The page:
For Immediate Release

Local Architectural Designer Wins Better Buildings, Better Blocks Grand Prize

(from left to right: Chase L. Cantrell, Kimberly Grey, Damon Dickerson, and Dietrich Knoer)

(from left to right: Chase L. Cantrell, Kimberly Grey, Damon Dickerson, and Dietrich Knoer)

Detroit, Michigan, March 30, 2018 - Building Community Value recently concluded the fifth cohort of its Better Buildings, Better Blocks initiative, which teaches Detroiters the basic skills necessary to complete real estate development projects in underserved Detroit neighborhoods. On the final Saturday of class, program participants presented detailed development project proposals to their peers and a panel of judges made up of real estate, finance, and other business professionals. The judges, choosing from a pool of candidates selected by class members themselves, chose Damon Dickerson as the grand prize winner of $2,000 and Kimberly Grey as the second place winner of $1,000 to help spur their projects forward. This award includes contributions from First American Title Insurance Company, PM Environmental, Inc., and The Platform LLC.

Upon receiving the award, Damon expressed, “I've always understood the importance of real estate development but how to access it was a totally different story. After participating in the Better Buildings, Better Blocks program, I have a stronger real estate development foundation on which to build. The program's administrators were patient, thorough, and urged us to ask questions and participate in dialog to ensure we received the most from each class session. Their unwavering support, coupled with quality information, equaled a winning program for me!”

Funded by the John S. and James L. Knight Foundation, and selected as one of 33 winners of the 2017 Knight Cities Challenge, Better Buildings, Better Blocks is a program held at the U-M Detroit Center and open to any adult resident of Detroit, Highland Park, or Hamtramck, Michigan. Over the course of three months, the community-based education program, taught by Dietrich Knoer, CEO of The Platform, guides participants through the basics of small-scale real estate development, including identification, acquisition, financing, leasing, and project management.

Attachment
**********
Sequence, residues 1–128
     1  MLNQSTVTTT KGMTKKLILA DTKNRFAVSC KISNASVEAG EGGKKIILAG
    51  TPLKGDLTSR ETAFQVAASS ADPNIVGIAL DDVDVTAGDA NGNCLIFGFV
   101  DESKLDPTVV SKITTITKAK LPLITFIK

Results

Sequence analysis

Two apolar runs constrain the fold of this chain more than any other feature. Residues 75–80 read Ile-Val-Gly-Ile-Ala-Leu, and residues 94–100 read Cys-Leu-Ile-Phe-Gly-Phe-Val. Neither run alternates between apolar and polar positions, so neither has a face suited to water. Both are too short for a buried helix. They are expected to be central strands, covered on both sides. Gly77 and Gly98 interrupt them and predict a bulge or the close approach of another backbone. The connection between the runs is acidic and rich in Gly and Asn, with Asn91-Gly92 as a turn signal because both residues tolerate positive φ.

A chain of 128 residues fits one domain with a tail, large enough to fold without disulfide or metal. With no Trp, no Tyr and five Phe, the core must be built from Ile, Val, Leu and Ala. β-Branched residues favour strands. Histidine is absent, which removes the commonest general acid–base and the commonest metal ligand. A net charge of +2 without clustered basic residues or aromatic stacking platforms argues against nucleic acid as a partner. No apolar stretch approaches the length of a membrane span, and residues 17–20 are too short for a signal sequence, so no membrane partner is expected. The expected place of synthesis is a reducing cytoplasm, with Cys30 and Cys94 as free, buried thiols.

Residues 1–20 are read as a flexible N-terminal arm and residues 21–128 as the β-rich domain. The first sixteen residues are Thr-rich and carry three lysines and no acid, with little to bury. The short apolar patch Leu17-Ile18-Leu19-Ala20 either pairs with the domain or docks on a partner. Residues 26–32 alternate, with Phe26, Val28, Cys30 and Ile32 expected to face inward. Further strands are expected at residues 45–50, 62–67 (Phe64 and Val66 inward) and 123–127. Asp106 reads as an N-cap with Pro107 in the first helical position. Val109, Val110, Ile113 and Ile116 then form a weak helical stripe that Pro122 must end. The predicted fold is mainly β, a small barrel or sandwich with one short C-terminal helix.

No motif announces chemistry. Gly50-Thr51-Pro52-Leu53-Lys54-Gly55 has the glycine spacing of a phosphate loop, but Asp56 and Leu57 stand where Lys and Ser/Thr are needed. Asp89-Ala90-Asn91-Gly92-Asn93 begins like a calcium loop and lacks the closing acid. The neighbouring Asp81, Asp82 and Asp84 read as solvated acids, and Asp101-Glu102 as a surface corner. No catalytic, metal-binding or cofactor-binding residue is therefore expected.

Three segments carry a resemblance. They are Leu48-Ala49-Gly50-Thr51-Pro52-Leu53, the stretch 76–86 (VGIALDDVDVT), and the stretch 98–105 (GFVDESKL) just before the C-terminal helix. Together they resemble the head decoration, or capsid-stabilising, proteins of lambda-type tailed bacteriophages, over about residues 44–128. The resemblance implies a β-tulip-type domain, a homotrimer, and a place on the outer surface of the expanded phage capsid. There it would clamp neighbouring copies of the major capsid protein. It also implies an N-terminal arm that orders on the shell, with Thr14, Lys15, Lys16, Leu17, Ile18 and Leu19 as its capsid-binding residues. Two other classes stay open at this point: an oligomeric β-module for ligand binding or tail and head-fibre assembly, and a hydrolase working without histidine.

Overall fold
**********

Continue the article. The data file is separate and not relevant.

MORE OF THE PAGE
In addition to regular coursework, which requires attendance at six in-person sessions, engagement with a standard textbook, and review of additional online video lectures, the program requires each student, individually or in groups of two, to present a capstone project proposing a residential or commercial real estate development in one of the target geographies.

(Image created by Damon Dickerson for his project “The Bundle.” Presented here with permission.)

(Image created by Damon Dickerson for his project “The Bundle.” Presented here with permission.)

Damon, a respected architectural designer in Detroit, presented his proposal for a residential project on Detroit’s east side, which seeks to rehabilitate two currently vacant two-family homes and an adjoining vacant parcel. On the vacant parcel, Damon proposes to add two micro homes, something that he views as an underutilized option to fill in gaps in Detroit’s urban fabric.